Harnessing the Energy of Aluminium

Batteries built for the sea have the power needed for underwater drones and ocean sensors.
23 March, 2017
Underwater UUV drones are necessary for defense applications and private industry – think offshore oil and gas operations.
Even so, their use has always been limited by less than optimal battery technology. There's never been a solution that made it easy and cost effective to just launch a UUV from shore and eliminate the need for a support vessel and crew to deploy, operate and retrieve the drone.

For example, the distance from the mainland to oil and gas operations in the Gulf of Mexico far exceeds the current UUV range. For a standard, out and back UUV about 53 centimeters long, the usable range limits the usefulness of the device to near-shore pockets near Houston, Texas, and in and around New Orleans in southern Louisiana. Yet most pipelines and offshore platforms located much farther out than that, with many in the 300 to 400 kilometer ranges. While the drone technology exists – and so do the advantages – there's just no good way to power them over these long distances.
Image: Linkedin
"Despite roughly order-of-magnitude increases in power and energy offered by new technologies, power and energy are still an issue for torpedo-like AUVs," was the conclusion of one RAND study of defense capabilities that lamented the current reality. "Power and energy technologies for traditional, torpedo-like AUVs are deemed immature."

That's the problem that an American company has been working on, and now they have developed an alternative battery based on aluminium with the potential to deliver 10 times the battery life and range than alkaline, lead-acid and other battery combinations that have historically limited use of the drones.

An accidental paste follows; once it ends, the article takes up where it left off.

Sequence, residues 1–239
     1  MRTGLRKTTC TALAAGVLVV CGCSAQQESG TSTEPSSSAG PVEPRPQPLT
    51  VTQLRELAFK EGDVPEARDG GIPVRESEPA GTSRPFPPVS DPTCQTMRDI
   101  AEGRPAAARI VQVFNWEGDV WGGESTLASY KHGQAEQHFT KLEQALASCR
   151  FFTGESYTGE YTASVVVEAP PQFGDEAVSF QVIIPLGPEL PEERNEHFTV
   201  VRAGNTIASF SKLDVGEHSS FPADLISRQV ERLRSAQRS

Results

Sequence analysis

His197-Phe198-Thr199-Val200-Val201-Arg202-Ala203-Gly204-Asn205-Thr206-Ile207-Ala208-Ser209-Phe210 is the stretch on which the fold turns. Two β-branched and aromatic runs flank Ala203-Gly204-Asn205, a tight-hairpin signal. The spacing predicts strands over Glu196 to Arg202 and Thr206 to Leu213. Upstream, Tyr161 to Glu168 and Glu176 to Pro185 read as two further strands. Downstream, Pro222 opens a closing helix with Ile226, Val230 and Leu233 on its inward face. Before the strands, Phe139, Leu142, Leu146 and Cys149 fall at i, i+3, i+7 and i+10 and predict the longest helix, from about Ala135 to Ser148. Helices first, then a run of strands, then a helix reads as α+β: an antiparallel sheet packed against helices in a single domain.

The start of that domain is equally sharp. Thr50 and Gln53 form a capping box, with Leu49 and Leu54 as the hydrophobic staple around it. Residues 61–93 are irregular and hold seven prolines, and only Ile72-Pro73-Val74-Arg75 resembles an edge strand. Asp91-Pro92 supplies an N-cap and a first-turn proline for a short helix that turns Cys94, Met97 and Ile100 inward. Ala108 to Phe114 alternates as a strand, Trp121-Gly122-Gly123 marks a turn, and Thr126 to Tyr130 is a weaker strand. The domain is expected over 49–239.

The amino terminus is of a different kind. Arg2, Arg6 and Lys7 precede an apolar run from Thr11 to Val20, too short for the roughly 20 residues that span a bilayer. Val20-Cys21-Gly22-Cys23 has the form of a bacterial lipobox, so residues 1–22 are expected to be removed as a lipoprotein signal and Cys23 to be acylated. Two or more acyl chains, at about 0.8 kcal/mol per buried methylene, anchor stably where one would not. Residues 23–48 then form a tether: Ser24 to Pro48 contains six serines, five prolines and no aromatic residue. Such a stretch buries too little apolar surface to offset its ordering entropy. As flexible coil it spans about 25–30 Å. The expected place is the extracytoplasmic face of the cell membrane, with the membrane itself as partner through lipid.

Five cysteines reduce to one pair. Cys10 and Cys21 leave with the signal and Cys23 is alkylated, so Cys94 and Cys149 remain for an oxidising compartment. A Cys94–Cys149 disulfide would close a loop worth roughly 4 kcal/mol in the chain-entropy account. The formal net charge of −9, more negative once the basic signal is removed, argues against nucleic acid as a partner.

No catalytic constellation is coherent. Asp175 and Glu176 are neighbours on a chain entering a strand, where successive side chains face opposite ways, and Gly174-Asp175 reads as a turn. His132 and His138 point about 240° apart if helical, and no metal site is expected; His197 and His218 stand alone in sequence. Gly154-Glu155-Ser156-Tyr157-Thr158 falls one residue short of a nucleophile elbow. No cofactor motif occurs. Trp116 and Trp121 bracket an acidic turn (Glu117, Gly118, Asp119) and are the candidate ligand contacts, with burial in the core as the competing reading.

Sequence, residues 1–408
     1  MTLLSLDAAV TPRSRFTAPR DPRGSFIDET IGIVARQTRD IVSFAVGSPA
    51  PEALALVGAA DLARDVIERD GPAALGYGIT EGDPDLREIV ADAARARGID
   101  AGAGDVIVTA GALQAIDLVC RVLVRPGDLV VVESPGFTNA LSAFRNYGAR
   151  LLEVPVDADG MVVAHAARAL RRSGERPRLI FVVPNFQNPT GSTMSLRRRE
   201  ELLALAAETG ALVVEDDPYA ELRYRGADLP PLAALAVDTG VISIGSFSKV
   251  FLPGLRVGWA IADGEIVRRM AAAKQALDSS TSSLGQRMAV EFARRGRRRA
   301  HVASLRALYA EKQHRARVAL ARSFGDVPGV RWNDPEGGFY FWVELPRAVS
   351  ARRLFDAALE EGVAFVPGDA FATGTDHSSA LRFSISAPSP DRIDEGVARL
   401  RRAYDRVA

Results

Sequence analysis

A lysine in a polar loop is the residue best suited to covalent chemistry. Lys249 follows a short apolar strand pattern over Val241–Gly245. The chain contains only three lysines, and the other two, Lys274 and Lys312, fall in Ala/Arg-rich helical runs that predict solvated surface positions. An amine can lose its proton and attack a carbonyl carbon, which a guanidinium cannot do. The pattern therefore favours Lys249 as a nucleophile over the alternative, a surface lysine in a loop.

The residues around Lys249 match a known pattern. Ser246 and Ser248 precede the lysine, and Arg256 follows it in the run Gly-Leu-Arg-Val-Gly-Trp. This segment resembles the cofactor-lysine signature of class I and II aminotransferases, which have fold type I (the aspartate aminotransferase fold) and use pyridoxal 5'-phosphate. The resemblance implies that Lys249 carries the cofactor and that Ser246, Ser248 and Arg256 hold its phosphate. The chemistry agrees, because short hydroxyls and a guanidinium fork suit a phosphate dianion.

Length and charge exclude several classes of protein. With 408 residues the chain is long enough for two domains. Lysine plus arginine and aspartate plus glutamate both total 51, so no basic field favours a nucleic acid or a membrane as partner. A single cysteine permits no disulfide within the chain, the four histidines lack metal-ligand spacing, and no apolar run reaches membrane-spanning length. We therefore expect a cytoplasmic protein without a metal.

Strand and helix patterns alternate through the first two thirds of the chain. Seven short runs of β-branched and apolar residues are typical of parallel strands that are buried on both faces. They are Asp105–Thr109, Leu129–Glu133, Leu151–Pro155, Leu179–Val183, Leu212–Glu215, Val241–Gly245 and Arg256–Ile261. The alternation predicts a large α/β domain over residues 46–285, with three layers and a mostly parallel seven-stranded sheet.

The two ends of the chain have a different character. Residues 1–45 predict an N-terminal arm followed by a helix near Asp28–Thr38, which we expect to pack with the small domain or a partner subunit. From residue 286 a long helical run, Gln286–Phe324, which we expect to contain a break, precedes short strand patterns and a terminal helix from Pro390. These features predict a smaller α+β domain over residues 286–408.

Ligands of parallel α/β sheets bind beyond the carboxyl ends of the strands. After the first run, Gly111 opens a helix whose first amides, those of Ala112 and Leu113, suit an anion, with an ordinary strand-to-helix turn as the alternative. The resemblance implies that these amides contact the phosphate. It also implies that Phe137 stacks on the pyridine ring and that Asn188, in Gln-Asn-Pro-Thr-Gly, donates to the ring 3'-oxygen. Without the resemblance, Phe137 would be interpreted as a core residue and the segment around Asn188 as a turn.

Built by Open Water Power (OWP), the batteries rely on cells that have a block of aluminium as the anode and use nickel as the cathode. As they alternate in an electrolyte bath derived from the seawater itself, they deliver the energy needed for undersea views and operations delivered through the UUV. There's some potassium hydroxide dissolved into the solution too, which is important because it prevents the anodes from getting clogged with aluminium hydroxide produced in the chemical reaction.
The clogs always cut short the battery life in previous attempts to design a viable underwater battery, but the OWP team, which began its work at Massachusetts Institute of Technology, thinks they have it figured out. Their version includes a foam rubber plug held in a separate chamber of the battery.

The plugs are ejected when they are full of the aluminium hydroxide they've collected, and a fresh one begins its work. There are enough plugs loaded into the device to match the lifespan of the aluminium supply, giving the battery a vastly extended life cycle to support a range of underwater UUV missions. Using the potassium hydroxide instead of pure water cuts the speed at which the clogs are formed too.
Preliminary safety tests conducted by the United States military found that the batteries met their match, performing well over "a range of abusive conditions that would typically cause lithium-ion and even silver-zinc batteries to fail dangerously."

The next test of OWP's technology will come this summer, when the firm will fit batteries into UUVs built by Riptide Autonomous Solutions. Those tests will look at real-world operational ranges for the oil and gas industry, which OWP expects can be extended to cover nearly the entire northern part of the Gulf of Mexico, from Texas to Florida.
Banner image: Saab Group